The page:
Producer of the Year, Classical

David Frost

Best Orchestral Performance

Ives: Complete Symphonies — Gustavo Dudamel, conductor (Los Angeles Philharmonic)

Best Opera Recording

Gershwin: Porgy and Bess — David Robertson, conductor; Angle Blue and Eric Owens; David Frost, producer (The Metropolitan Opera Orchestral The Metropolitan Opera Chorus)

Best Choral Performance

Danielpour: The Passion of Yeshua — JoAnn Falletta, conductor; James K. Bass and Adam Luebke, chorus masters (James K. Bass, J’Nai Bridges, Timothy Fallon, Kenneth Overton, Hila Plitmann, and Matthew Worth; Buffalo Philharmonic Orchestra; Buffalo Philharmonic Chorus and UCLA Chamber Singers)

Best Chamber Music/Small Ensemble Performance

Contemporary Voices — Pacifica Quartet

Best Classical Instrumental Solo

Theofanidis: Concerto for Viola and Chamber Orchestra — Richard O’Neill; David Alan Miller, conductor (Albany Symphony)

Best Classical Solo Vocal Album

Smyth: The Prison — Sarah Brailey and Dashon Burton; James Blachly, conductor (Experiential Chorus; Experiential Orchestra)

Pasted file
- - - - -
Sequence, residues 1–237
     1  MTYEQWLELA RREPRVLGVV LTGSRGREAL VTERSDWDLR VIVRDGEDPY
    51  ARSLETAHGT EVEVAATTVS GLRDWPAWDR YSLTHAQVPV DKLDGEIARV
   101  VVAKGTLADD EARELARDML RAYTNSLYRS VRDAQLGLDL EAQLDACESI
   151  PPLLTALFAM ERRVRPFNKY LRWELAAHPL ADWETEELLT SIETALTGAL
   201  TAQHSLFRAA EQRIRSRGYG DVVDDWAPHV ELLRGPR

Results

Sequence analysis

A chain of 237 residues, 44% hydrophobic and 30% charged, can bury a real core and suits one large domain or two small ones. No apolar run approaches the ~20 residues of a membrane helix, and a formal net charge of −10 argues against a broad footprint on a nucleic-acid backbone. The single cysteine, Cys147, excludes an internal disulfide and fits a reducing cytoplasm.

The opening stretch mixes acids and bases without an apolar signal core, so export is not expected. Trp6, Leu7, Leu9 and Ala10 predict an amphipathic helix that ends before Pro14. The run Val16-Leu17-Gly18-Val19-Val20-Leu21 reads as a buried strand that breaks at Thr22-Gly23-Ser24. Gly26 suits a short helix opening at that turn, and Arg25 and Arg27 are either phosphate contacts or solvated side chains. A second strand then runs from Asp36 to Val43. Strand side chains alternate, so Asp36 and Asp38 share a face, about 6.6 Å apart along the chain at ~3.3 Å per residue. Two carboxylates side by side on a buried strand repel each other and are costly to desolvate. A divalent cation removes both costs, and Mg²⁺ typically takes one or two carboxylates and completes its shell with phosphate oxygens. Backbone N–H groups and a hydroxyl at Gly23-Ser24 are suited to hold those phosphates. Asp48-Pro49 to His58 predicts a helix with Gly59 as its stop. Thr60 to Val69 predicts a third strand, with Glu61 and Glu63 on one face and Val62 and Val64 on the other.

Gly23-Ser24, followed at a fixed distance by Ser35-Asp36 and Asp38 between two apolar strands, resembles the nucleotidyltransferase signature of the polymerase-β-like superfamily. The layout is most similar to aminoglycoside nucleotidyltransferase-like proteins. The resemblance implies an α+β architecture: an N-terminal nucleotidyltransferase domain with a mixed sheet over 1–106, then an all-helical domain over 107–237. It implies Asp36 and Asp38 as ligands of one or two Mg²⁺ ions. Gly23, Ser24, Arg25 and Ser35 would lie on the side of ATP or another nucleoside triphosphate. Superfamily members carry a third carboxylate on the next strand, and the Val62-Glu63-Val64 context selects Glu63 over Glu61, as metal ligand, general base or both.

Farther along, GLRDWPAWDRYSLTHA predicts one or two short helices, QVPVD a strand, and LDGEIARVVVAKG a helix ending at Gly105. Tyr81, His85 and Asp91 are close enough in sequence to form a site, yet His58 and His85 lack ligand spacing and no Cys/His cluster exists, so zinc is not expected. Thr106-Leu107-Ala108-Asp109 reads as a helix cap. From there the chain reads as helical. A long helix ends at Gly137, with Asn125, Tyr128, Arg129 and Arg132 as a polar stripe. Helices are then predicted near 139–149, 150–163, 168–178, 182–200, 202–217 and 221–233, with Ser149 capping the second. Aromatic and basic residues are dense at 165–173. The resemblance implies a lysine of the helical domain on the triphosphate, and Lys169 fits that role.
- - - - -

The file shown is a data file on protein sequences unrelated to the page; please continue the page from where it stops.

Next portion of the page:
Best Classical Compendium

Thomas, M.T.: From the Diary of Anne Frank & Meditations on Rilke — Isabel Leonard; Michael Tilson Thomas, conductor; Jack Vad, producer

Best Contemporary Classical Composition

Rouse: Symphony No. 5 — Christopher Rouse, composer (Giancarlo Guerrero and Nashville Symphony)

Best Engineered Album, Non-Classical

Hyperspace — Drew Brown, Andrew Coleman, Shawn Everett, Serban Ghenea, David Greenbaum, Jaycen Joshua, and Mike Larson, engineers; Randy Merrill, mastering engineer (Beck)

Best Music Video

Brown Skin Girl — Beyoncé

Producer of the Year, Non-Classical

Andrew Watt

Best Music Film

Linda Ronstadt: The Sound of My Voice — Linda Ronstadt

For more on the Grammys, click here.